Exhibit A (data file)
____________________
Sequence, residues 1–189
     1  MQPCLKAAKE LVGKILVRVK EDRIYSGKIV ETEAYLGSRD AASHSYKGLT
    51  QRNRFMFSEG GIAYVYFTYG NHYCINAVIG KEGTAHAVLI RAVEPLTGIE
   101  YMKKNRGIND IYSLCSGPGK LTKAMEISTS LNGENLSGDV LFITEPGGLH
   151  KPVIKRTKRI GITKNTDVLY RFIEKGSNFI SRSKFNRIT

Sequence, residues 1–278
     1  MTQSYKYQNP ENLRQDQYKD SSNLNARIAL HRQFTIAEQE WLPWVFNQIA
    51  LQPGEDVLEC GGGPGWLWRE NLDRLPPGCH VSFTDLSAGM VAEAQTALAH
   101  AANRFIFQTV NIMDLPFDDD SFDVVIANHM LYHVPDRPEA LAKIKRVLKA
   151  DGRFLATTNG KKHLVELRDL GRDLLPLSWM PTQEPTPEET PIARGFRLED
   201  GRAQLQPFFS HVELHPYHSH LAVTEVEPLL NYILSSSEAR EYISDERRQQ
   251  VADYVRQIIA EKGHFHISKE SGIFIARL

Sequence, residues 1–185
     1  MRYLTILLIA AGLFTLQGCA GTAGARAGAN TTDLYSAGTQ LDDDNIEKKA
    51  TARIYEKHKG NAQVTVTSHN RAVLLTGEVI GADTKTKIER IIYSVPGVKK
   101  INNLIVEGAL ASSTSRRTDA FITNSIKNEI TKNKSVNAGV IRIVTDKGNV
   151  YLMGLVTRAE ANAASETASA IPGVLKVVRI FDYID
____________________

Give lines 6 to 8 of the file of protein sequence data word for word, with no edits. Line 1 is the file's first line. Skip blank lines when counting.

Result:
Sequence, residues 1–278
     1  MTQSYKYQNP ENLRQDQYKD SSNLNARIAL HRQFTIAEQE WLPWVFNQIA
    51  LQPGEDVLEC GGGPGWLWRE NLDRLPPGCH VSFTDLSAGM VAEAQTALAH